Ian McEwan’s novella explores the relationship between two newlyweds
Ian Mcewan, author of the 2007 Booker Prize-shortlisted novel, has adapted the screenplay himself. The story is built around a turning point in Edward and Florence’s relationship: a disastrous attempt to consummate their marriage in a Dorset hotel room.
As the couple nervously edge towards the bed, a series of flashbacks explore their courtship and backgrounds.
Florence’s parents are wealthy and old-fashioned. Her father (Samuel West) is a buttoned-up industrialist and her mother (Emily Watson) a snooty name-dropper.
Edward’s family is less repressed but more troubled. We meet his mother (Anne-Marie Duff) as his headmaster father (Adrian Scarborough) ushers her in from the garden where she was having a naked chat with the birds.
This is not the first flush of the hippy era but the tragic effect of an accident that left lasting brain damage.
Just when it looks like the newlyweds might be warming up in Dorset, more flashbacks show dark clouds gathering over their idyllic courtship.
So when married bliss turns into a blazing row that spills over on to the titular beach, we know more about this couple than they know about themselves.
And our insight makes the drama feel short on surprises.
Throughout, theatre director Dominic Cooke has focused on delivering tidy packages of information about his characters and the era that formed them.
But he then diverges from the novel with a horribly misjudged final act.
Ronan and Howle’s wonderfully understated performances keep us watching but it was Mcewan’s prose that made this story sing.
French writer-director Léonor Serraille won the Caméra d’Or for Best First Film at Cannes for this riotously entertaining portrait of a mercurial young woman trying to make her way in Paris.
Julia (Laetitia Dosch) is accident-prone, big-hearted, dishonest and rudderless, trying to make the best of what life throws at her.
Serraille’s rambling structure can feel as unfocused as Julia herself but Dosch’s ferocious performance and Serraille’s fearless direction suggest big futures lie ahead.
If Stephen King hadn’t already written a novel called Misery, it would have been the perfect title for this relentlessly grim kidnapping drama.
Evan Rachel Wood, star of the sky atlantic sci-fi series Westworld, plays Laura, a cleaner who is consumed with rage from her troubled childhood.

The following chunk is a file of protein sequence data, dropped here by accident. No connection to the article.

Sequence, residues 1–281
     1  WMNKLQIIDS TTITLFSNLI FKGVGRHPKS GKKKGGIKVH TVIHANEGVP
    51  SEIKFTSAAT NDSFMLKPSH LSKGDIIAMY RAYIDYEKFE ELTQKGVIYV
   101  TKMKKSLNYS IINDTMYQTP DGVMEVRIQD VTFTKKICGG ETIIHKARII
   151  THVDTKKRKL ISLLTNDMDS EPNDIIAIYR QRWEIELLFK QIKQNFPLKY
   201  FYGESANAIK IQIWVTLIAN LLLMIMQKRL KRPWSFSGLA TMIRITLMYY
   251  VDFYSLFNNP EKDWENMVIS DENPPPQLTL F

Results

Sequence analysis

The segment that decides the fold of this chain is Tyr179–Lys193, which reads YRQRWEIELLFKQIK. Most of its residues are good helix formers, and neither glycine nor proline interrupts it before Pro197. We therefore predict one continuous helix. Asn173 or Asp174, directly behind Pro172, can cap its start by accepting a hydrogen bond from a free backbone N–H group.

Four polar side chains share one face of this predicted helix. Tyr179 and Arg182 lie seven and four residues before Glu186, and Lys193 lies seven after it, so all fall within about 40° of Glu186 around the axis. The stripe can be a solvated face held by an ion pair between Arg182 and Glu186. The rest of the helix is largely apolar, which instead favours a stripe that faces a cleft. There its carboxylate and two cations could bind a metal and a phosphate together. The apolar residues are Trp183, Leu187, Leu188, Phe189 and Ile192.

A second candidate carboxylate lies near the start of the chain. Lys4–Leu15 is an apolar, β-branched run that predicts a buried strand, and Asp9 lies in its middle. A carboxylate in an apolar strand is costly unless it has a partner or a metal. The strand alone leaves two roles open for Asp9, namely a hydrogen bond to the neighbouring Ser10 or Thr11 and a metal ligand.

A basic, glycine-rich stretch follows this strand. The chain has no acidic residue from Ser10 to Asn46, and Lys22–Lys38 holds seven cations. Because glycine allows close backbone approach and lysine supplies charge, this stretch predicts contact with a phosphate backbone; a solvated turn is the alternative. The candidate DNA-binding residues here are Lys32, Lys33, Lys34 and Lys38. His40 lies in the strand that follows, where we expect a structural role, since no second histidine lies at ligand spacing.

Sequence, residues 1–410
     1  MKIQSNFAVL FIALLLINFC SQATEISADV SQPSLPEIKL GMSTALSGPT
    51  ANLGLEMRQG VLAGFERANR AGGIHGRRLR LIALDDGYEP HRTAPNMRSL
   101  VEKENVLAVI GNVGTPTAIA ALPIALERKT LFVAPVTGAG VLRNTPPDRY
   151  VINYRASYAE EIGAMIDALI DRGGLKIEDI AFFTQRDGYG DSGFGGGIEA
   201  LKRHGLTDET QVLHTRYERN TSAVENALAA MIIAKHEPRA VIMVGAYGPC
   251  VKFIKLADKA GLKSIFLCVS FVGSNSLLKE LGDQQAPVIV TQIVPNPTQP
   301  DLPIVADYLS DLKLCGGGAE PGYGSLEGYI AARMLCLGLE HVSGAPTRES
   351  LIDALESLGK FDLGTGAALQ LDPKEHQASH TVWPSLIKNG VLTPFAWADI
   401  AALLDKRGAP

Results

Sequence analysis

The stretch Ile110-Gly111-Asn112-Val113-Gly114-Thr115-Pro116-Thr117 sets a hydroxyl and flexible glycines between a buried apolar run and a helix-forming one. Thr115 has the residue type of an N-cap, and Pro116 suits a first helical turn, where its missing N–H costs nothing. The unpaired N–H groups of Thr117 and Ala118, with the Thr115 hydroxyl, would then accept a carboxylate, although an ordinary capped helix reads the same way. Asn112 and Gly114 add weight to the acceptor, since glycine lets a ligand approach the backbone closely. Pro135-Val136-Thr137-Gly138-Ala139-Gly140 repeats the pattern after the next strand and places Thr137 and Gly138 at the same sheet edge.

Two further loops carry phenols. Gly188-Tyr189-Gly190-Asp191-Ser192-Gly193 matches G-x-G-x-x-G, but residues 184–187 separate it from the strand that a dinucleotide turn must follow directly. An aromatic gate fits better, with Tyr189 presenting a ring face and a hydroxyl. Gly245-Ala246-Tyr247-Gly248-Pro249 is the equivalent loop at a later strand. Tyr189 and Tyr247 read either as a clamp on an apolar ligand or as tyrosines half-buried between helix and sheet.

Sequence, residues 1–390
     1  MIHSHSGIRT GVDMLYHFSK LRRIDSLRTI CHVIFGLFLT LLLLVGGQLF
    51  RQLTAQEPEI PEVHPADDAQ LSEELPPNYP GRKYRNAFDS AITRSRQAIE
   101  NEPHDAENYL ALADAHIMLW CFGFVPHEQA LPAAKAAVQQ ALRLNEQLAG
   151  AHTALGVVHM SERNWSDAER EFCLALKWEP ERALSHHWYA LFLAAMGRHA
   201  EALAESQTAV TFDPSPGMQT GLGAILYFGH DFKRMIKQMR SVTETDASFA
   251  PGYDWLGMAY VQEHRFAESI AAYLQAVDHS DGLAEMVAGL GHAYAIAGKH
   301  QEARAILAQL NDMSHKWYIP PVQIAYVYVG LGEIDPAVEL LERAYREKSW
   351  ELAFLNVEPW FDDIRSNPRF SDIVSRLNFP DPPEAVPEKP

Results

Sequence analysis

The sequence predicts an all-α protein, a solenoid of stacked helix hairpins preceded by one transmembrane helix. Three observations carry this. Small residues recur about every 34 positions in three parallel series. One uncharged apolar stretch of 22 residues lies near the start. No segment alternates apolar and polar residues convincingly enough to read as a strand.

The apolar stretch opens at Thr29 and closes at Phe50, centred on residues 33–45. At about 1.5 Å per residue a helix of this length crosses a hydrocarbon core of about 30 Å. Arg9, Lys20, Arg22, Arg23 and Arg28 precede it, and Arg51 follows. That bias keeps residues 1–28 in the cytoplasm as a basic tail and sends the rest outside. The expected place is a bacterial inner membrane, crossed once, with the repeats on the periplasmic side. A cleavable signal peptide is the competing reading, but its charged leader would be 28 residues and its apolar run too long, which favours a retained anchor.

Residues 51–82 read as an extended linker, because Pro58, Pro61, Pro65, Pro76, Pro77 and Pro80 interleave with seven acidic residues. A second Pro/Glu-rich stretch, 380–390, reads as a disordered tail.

She gets a chance to lash out when she enters the bedroom of Eva, an innocent teenager (Julia Sarah stone) who has fallen out with her overbearing mother.
A strange relationship develops between the thirty-something cleaner and the 16-year-old musician.
At first Laura plays the big sister, then the lover, before finally becoming her jailer.
Wood delivers another impressive performance but the dry, humourless script makes it almost impossible to root for her.
The challenge of grieving in the digital age is perhaps the unintended focus of this touching and deeply personal documentary from Jane Harris and Jimmy Edmonds.
Their 18-year-old son Josh died in a traffic accident in Vietnam in 2011 and the couple find it impossible to move on.
So they go on a road trip across america to meet other bereaved parents.
The testaments are heartbreaking but a scene where Jimmy photoshops images of his dead son into other photos packs the biggest punch.
These days the bereaved have so many images to pore over that the need to memorialise can turn into an obsession.
Stanley Kubrick’s masterpiece 2001: a space Odyssey gets a limited re-release this weekend and this behind-the-scenes documentary provides an interesting companion piece.
Director Tony Zierra tells the story of leon Vitali, a British actor who gave up a promising career to become Kubrick’s assistant.
Vitali is now in his late 60s and is a fascinating character whose tales of working with the perfectionist film-maker will have film buffs hooked.
Shot over six years, journalist Chris Kelly’s award-winning documentary chronicles a protest movement that almost toppled a government.
The Cambodian government was given World Bank money to develop a market economy but spent it on bulldozing rural communities to build luxury flats, hotels and factories.
The film opens in 2008 with the destruction of an idyllic village near Phnom Penh.
The lake was pumped with sand, farmers were evicted and homeowners were offered a paltry $ 500 to move on.
Kelly concentrates on three figures who decided to stand and fight: a rebel Buddhist monk and two mums who started as friends but ended up bitter rivals.
Understandably Kelly focuses on the victims but you wish he had supplemented their testaments with expert analysis.
Such an emotional tale needs a cool head to show the bigger picture.
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